/etc/openvpn/ca.crt
/etc/openvpn/easy-rsa/keys/client1.crt
/etc/openvpn/easy-rsa/keys/client1.key

As the client certificates and keys are only required on the client machine, you should remove them from the server.

Simple Server Configuration

Along with your OpenVPN installation you got these sample config files (and many more if if you check):
root@server:/# ls -l /usr/share/doc/openvpn/examples/sample-config-files/
total 68
-rw-r--r-- 1 root root 3427 2011-07-04 15:09 client.conf
-rw-r--r-- 1 root root 4141 2011-07-04 15:09 server.conf.gz

Start with copying and unpacking server.conf.gz to /etc/openvpn/server.conf.
sudo cp /usr/share/doc/openvpn/examples/sample-config-files/server.conf.gz /etc/openvpn/
sudo gzip -d /etc/openvpn/server.conf.gz

Edit /etc/openvpn/server.conf to make sure the following lines are pointing to the certificates and keys you created in the section above.
ca ca.crt
cert myservername.crt
key myservername.key
dh dh1024.pem

That is the minimum you have to configure to get a working OpenVPN server. You can use all the default settings in the sample server.conf file. Now start the server. You will find logging and error messages in your syslog.

root@server:/etc/openvpn# /etc/init.d/openvpn start
* Starting virtual private network daemon(s)...
* Autostarting VPN 'server' [ OK ]

Now check if OpenVPN created a tun0 interface:

root@server:/etc/openvpn# ifconfig tun0
tun0 Link encap:UNSPEC HWaddr 00-00-00-00-00-00-00-00-00-00-00-00-00-00-00-00
inet addr:10.8.0.1 P-t-P:10.8.0.2 Mask:255.255.255.255
UP POINTOPOINT RUNNING NOARP MULTICAST MTU:1500 Metric:1
[...]

Simple Client Configuration

There are various different OpenVPN client implementations with and without GUIs. You can read more about clients in a later section. For now we use the OpenVPN client for Ubuntu which is the same executable as the server. So you have to install the openvpn package again on the client machine:
sudo apt-get install openvpn
This time copy the client.conf sample config file to /etc/openvpn/.
sudo cp /usr/share/doc/openvpn/examples/sample-config-files/client.conf /etc/openvpn/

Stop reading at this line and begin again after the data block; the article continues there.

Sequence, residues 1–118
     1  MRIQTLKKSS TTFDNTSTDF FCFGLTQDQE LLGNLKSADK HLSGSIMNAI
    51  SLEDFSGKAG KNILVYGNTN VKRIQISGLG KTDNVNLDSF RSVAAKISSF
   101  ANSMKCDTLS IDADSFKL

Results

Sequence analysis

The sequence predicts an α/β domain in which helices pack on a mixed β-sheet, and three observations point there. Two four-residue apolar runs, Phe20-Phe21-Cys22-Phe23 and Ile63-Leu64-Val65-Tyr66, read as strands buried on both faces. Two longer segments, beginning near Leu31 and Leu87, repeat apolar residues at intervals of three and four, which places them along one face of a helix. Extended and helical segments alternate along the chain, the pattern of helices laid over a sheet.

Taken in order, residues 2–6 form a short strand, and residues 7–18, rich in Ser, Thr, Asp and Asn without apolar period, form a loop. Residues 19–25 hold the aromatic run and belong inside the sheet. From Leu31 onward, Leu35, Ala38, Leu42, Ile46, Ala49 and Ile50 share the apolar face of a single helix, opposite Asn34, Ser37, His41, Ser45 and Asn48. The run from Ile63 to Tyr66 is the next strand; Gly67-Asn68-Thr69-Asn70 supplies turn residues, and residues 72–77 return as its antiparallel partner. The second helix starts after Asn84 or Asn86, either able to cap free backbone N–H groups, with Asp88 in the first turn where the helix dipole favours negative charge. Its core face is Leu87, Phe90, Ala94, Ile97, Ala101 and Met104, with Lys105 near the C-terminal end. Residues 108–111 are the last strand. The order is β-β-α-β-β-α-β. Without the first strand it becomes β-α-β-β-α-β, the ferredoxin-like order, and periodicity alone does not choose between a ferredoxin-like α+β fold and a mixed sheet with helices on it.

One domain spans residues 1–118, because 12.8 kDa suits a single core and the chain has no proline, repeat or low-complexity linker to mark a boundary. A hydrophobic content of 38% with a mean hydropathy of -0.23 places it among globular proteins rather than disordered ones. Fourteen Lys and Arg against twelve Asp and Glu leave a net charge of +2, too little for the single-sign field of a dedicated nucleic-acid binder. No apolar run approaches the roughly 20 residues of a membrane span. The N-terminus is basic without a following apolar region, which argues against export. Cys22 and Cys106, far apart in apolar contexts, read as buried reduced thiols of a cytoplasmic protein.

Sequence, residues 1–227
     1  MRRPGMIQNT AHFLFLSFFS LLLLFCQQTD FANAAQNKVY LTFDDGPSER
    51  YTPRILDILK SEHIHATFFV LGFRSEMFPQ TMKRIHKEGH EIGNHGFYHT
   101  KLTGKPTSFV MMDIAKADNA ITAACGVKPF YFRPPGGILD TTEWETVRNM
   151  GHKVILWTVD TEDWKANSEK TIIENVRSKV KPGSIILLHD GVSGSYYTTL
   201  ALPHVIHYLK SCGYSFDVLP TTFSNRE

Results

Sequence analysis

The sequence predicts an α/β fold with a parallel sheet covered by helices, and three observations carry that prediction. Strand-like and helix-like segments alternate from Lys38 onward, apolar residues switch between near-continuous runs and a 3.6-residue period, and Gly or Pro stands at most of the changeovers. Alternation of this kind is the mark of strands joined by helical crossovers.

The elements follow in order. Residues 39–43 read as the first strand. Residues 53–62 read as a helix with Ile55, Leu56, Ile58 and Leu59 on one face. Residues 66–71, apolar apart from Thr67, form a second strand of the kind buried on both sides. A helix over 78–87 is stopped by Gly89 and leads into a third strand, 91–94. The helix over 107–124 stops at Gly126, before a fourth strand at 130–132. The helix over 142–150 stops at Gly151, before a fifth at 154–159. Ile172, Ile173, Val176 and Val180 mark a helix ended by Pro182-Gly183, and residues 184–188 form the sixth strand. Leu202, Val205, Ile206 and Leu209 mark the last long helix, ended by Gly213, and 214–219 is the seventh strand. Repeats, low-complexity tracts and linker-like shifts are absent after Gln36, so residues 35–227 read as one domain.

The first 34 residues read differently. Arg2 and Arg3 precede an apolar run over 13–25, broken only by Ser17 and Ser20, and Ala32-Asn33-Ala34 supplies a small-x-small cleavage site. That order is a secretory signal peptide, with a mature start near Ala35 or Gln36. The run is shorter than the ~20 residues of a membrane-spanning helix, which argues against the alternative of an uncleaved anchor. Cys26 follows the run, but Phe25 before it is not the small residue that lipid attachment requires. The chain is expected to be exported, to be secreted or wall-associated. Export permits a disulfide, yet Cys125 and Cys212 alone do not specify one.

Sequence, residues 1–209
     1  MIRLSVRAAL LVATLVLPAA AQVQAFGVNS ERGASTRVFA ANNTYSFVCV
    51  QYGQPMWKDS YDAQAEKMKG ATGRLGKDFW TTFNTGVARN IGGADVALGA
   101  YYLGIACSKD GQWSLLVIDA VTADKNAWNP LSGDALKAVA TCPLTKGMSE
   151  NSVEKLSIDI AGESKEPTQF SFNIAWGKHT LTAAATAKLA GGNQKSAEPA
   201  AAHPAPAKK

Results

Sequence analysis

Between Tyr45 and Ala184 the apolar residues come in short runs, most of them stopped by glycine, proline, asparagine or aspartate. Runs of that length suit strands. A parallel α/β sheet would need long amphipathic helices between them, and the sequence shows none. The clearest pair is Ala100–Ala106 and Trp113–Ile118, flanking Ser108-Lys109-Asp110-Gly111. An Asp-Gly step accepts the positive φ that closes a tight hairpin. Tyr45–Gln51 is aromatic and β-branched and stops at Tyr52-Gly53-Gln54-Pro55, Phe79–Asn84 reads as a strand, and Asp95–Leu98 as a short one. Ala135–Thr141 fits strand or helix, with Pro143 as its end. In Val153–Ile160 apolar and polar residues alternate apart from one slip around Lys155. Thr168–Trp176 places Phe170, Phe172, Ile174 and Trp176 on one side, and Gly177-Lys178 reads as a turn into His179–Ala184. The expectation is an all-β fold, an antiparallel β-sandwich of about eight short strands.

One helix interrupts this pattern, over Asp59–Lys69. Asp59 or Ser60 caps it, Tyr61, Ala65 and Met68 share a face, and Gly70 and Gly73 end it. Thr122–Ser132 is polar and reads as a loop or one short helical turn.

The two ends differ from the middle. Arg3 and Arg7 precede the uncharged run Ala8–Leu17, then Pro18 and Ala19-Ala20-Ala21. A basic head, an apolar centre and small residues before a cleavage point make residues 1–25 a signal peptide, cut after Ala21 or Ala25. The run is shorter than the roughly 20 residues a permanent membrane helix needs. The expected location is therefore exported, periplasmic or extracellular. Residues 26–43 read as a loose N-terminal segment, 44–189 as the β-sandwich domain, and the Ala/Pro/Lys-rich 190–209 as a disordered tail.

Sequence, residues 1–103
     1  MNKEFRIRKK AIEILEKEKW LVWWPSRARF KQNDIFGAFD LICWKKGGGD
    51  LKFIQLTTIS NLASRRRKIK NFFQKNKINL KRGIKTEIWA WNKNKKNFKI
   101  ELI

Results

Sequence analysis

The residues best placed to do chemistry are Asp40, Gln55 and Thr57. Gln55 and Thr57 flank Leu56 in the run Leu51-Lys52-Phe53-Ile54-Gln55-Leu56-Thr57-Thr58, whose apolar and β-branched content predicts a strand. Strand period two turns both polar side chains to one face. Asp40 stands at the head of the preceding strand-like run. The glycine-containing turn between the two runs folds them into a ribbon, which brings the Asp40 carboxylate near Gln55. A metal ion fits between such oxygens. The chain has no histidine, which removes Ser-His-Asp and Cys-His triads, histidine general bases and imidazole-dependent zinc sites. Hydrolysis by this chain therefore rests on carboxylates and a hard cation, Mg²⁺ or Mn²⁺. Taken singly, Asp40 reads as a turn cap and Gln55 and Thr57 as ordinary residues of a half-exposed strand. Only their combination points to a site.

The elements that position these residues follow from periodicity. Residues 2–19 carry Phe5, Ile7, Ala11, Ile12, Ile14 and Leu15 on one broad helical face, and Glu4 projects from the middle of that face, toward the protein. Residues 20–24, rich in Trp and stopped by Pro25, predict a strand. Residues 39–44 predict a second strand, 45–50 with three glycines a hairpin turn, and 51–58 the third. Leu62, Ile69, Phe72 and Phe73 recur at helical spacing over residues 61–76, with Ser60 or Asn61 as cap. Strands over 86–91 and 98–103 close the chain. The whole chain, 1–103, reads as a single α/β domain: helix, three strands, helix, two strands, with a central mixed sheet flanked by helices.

Copy the client keys and the certificate of the CA you created in the section above to e.g. /etc/openvpn/ and edit /etc/openvpn/client.conf to make sure the following lines are pointing to those files. If you have the files in /etc/openvpn/ you can omit the path.
ca ca.crt
cert client1.crt
key client1.key

And you have to at least specify the OpenVPN server name or address. Make sure the keyword client is in the config. That's what enables client mode.
client
remote vpnserver.example.com 1194

Now start the OpenVPN client:

root@client:/etc/openvpn# /etc/init.d/openvpn start
* Starting virtual private network daemon(s)...
* Autostarting VPN 'client' [ OK ]

Check if it created a tun0 interface:

root@client:/etc/openvpn# ifconfig tun0
tun0 Link encap:UNSPEC HWaddr 00-00-00-00-00-00-00-00-00-00-00-00-00-00-00-00
inet addr:10.8.0.6 P-t-P:10.8.0.5 Mask:255.255.255.255
UP POINTOPOINT RUNNING NOARP MULTICAST MTU:1500 Metric:1

Check if you can ping the OpenVPN server:

root@client:/etc/openvpn# ping 10.8.0.1
PING 10.8.0.1 (10.8.0.1) 56(84) bytes of data.
64 bytes from 10.8.0.1: icmp_req=1 ttl=64 time=0.920 ms


Check out your routes:

root@client:/etc/openvpn# netstat -rn
Kernel IP routing table
Destination ...Gateway .......Genmask............... Flags ...MSS ...Window ...irtt ...Iface
10.8.0.5 ........0.0.0.0 ..........255.255.255.255 ...UH .......0 .........0 .............0..... tun0
10.8.0.1 ........10.8.0.5 ........255.255.255.255 ...UGH..... 0 .........0 .............0 .....tun0
192.168.42....0 0.0.0.0 .......255.255.255.0 .......U ..........0 .........0 .............0 .....eth0
0.0.0.0 .........192.168.42.1 . 0.0.0.0 ..................UG .......0 .........0............. 0 .....eth0